The Economist Intelligence Unit has interviewed six marketing visionaries who are sharing their insights of what the future of marketing looks like. The “Future of Marketing” initiative is sponsored by Marketo, and publishes conversations with Seth Godin, John Hagel, Aditya Joshi, Marc Mathieu, Jim Stengel and myself. It makes for great, and varied reading, with each person taking a particular path to the future:
- Seth Godin encourages us to make stories worth telling. He argues that marketing is about everything and that today’s marketer must be embedded within what the company makes, working and pushing towards what the customer wants.
- John Hagel says that marketing is just experiencing the tip of the iceberg in terms of transformative change. We are going to see more marketers having to work with what he calls the “three As” – attract, assist, affiliate. The “power of pull” means we need to work to attract customers, help pre and post purchase, and find new models to help customers help each other.
- Gavin Heaton discusses PANDA – a framework for the future of marketing. Tapping into purpose, analytics, networks, digital and art (yes art), marketing will not only remain relevant as a business and consumer facing profession, it will help drive brands and companies to deliver greater value to its stakeholders, customers and networks.
- Aditya Joshi looks at the skill base at the marketers of the future. And by future, he means now. Clearly we need to be investing in marketing teams to build out strategic thinking, analysis capabilities to derive insights and develop actionable plans and technology abilities to help organisations straddle marketing and IT.
- Marc Mathieu also speaks of massive change. Technology is infusing how we connect with people, learn from them, connect with entrepreneurs and engage with audiences. But perhaps the most challenging aspect is a central shift in purpose – “Marketing used to be about creating a myth and selling; now it’s about finding a truth and sharing it”.
- Jim Stengel breaks the future into three components, personalisation, automation and purpose (yes it’s a theme). He also flags storytelling as a mechanism to encompass the whole approach. “You don’t have a story unless you have purpose, have ambition, and are trying to make a difference in the world. More and more, people care about where brands come from”.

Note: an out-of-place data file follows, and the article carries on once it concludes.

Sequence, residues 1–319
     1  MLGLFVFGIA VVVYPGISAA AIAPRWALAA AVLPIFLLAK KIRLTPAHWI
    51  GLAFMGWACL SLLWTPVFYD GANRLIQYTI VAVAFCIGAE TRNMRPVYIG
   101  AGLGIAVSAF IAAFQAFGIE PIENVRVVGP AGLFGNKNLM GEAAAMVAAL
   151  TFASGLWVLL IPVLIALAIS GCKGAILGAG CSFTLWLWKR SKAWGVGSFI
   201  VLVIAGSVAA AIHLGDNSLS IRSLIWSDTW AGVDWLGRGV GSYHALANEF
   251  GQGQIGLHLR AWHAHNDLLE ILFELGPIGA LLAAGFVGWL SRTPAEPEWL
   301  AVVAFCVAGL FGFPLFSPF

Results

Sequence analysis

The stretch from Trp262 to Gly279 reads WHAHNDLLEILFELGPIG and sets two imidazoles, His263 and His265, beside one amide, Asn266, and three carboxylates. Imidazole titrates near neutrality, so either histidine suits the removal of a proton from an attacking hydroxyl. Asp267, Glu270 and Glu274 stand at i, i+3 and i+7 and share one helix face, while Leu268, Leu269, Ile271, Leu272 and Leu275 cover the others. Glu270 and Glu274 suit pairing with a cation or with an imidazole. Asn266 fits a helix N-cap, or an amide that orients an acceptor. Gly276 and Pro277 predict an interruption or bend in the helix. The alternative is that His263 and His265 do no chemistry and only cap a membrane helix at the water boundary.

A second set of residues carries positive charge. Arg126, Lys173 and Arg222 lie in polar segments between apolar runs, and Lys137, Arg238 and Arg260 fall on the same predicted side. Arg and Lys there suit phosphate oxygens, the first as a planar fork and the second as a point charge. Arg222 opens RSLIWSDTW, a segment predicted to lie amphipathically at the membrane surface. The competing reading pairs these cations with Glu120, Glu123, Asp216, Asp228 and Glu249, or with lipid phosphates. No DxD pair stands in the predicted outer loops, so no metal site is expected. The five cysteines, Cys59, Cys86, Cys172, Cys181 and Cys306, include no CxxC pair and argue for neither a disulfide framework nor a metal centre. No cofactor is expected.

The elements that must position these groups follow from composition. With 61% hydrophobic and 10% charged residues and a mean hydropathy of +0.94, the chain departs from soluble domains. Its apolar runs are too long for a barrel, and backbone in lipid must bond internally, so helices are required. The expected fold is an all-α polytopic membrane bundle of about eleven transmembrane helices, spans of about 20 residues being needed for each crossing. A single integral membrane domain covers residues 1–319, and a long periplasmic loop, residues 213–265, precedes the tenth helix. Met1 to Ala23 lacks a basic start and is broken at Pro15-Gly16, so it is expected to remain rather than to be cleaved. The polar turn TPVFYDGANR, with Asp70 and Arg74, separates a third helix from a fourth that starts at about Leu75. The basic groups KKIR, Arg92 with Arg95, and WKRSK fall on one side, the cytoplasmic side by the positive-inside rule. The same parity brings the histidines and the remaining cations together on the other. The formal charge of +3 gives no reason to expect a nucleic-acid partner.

Take your time and read one of these interviews per day. There are insights that you don’t need to wait five years for – they are practices that you can embed in your thinking now and prepare for out to 2020. After all, the future is a moving feast. Take your seat at the table.
Around this time of year we often see the announcement of new books being published, new music being released and new films arriving in the cinemas – all in time for the holiday season. It’s the marketer’s year end rush – our attempt to stake our claim for your attention and your wallet. But this year, there are some differences – with a number of free alternatives bypassing their claim over our hard-earned income, hoping instead to capture our imagination.
Top of my reading list this holiday season are:
Valeria Maltoni is also pulling together a year-end, crowdsourced collection just in time for the holidays. Keep your eyes out for this – it’s due any day now!
With publishing tools now readily available, I am surprised that more brands don’t pull together some sort of publication for their customers at year end. Agencies too. It is a GREAT alternative to the staid Christmas card. And while I know that the last weeks of December are fraught with activity, going that extra step to provide your business stakeholders with an unexpected, branded gift such as an eBook shows that you understand that the new currency is not FREE but all about VALUE.
Anyone involved in marketing, in transformation or change management knows that there is a simple fact – change is hard. Getting someone to understand that their product, job or world has changed is an enormous challenge. It requires not just logic, but also an emotional response. We need to change our hearts as well as our minds – and it is easy for us to KNOW something but very difficult for us to ACT on that knowledge.
What we need to do is swallow the truth. We need to consume it, to bring it into the depths of our beings. We need to give “new truth” the chance to spread through every fibre, infect every synapse and tingle each fold of skin.
And you know what? Our “gut” tells us a great deal about the “truthiness” of truth. Items that are unsavoury are expelled quickly in an impulsive response. “Heavy” items are digested slowly and over time.
Seth Godin suggests that the future is just like the past, but shinier:
Your industry has been completely and permanently altered by the connections offered by the internet. Your non-profit, your political campaign, your service business. Not a little different, not just email enabled or website marketed, but overhauled.
But the future – or more precisely, the true future, is not just shiny. It is tasty. We are hungry for it and for the sustenance it brings. Ask yourself not just how you are forging a future for yourself, your business and your community – also ask exactly what it is that we should swallow. If it’s not the truth, it won’t stay down for long!